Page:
And HOW then, could God, knowing the hearts of men and who would be righteous rulers and who would be evil, ever stand justified to cause the downfall of a ruler for their wickedness? Certainly I don’t believe this is still taking place today, where God plays an active role in passing judgment on nations in the earth. But it VERY certainly DID happen in the first century, because God speaks harshly about the Roman Empire and the judgment, ultimately destruction, He would bring to pass upon them in the book of Revelation! The beast which opposed Heaven and God and the lamb in Revelation WAS the Roman Empire, very clearly. And the destruction God promised the beast in the book of Revelation did ultimately come to fruition. Now let us ask: If God had chosen better more righteous rulers, say even a Christian, to rule Rome, would it have committee the unspeakable horrors that it would go on to commit against Christians and Jews throughout the hundreds of years following the life of Christ before it was completely destroyed? How then could God, having made the mess of the Empire by putting psychotic madmen in charge of it and sponsoring its authority with total approval, then turn and be angry about the consequences?
      In all of these questions we have to ask ourselves: Is a God that would make the world adopt a system that necessarily elevates the wickedness and devices of man worth worshiping? Is this a just and loving God?
      Looking forward to your response,
      -Blake, Arkansas

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    2. Blake,

      You are trying to make sense of what I think is a mystery for us, namely the ultimate relationship between God's sovereignty on the one hand and human responsibility on the other. My own position is that God is indeed sovereign even over evil, but in such a way that He is not responsible for the evil committed through second causes. I suggest you read this post on the subject:

      http://reformedbaptist.blogspot.com/2007/09/god-of-calvinism-is-god-of-bible.html

      It is entitled "Is the 'God of Calvinism' the God of the Bible?" and in it I addressed the issue pretty directly.

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  7. Traever,

    Thanks for the input. I am sorry it took so long to respond, but I have just gotten back from a much needed two-week vacation.

    I am glad that my post was so thought-provoking, and I appreciate your comments. I would only say that I think Paul has governmental authorities particularly in mind in Romans 13, and I would look to other passages for guidance on the matters of church and parental authority (such as Matthew 18, passages that deal with the role of elders, and passages that speak to the role of parents). I think it would become clear fairly quickly that their is a big difference between the Reformation on the one hand and the American Revolution on the other. I would also take note of the significant difference in appealing to the Bible as one's authority versus appealing to any merely man-made document.

    Keith

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  8. Brandon,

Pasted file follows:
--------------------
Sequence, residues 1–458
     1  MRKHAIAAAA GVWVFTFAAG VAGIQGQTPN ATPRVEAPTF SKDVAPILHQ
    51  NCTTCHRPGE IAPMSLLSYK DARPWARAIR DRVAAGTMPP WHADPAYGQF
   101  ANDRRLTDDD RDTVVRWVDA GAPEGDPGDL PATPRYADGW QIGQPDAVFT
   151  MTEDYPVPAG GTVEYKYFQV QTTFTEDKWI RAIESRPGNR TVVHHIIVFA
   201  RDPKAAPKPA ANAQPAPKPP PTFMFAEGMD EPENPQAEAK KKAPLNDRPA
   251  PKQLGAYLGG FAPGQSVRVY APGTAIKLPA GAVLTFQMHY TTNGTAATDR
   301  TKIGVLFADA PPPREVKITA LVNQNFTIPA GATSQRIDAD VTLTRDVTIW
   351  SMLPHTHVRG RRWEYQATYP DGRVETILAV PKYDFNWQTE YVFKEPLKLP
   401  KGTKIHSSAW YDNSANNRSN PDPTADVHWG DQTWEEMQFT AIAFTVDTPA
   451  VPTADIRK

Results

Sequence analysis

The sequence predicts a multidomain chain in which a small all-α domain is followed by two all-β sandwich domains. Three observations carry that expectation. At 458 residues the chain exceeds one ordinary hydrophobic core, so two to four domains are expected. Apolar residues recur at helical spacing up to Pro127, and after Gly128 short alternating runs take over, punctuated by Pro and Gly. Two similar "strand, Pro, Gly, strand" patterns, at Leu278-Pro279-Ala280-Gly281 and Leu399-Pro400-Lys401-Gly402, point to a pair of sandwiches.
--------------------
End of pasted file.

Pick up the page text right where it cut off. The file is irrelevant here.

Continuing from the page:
Thanks for your thoughtful input. I have just a few things to say in response.

    "The question then must be asked in every particular instance, what legal authority does the lesser magistrate in question have to resist the higher magistrate. This was precisely the question of the American Revolution."

    My question is "What Biblical authority does the Christian have in joining the lesser magistrate in question in resisting the higher magistrate?" Even if there is a legal right for a lesser magistrate to rebel, it doesn't mean that the law allows a Christian to do so when the Bible says he should not.

    "I'm looking forward to reading John Philip Reid's work on the Constitutional History of the United States. His work explores the reality that Americans were concerned with the rule of law and about the legality of their separation from England."

    Thanks for this recommendation. After reading the review myself, I intend to order the book today.

    "This has some parallels to Acts 22:22-29."

    Actually, I think the issues are different. Yes, Paul did appeal to Roman law to avoid being mistreated by the authorities, but this is not the same thing as rebelling against any of the authorities, which Paul did not advocate. In fact, when he was unjustly and illegally beaten by the authorities in Philippi, he confronted and shamed them for having done so, but he did not advocate rebellion against them, and this is the issue at hand (Acts 16:20-24, 36-39).

    "If we want to apply the question to our lives today, then we have to recognize that the Constitution is the authority, not whoever holds office (as opposed to Caesar's rule). Thus if someone holding office is acting unlawfully, they are not acting from an office of authority."

    But, does the Constitution trump Scripture for the Christian? For example, even if the Constitution itself grants us the "right" to rebel against the government (which it does not, to my knowledge), we are bound as Christians not to do so because Scripture says otherwise. Thus, rebellion might be technically legal, but it doesn't make it right for the Christian.

    Thanks again for the input!

    Keith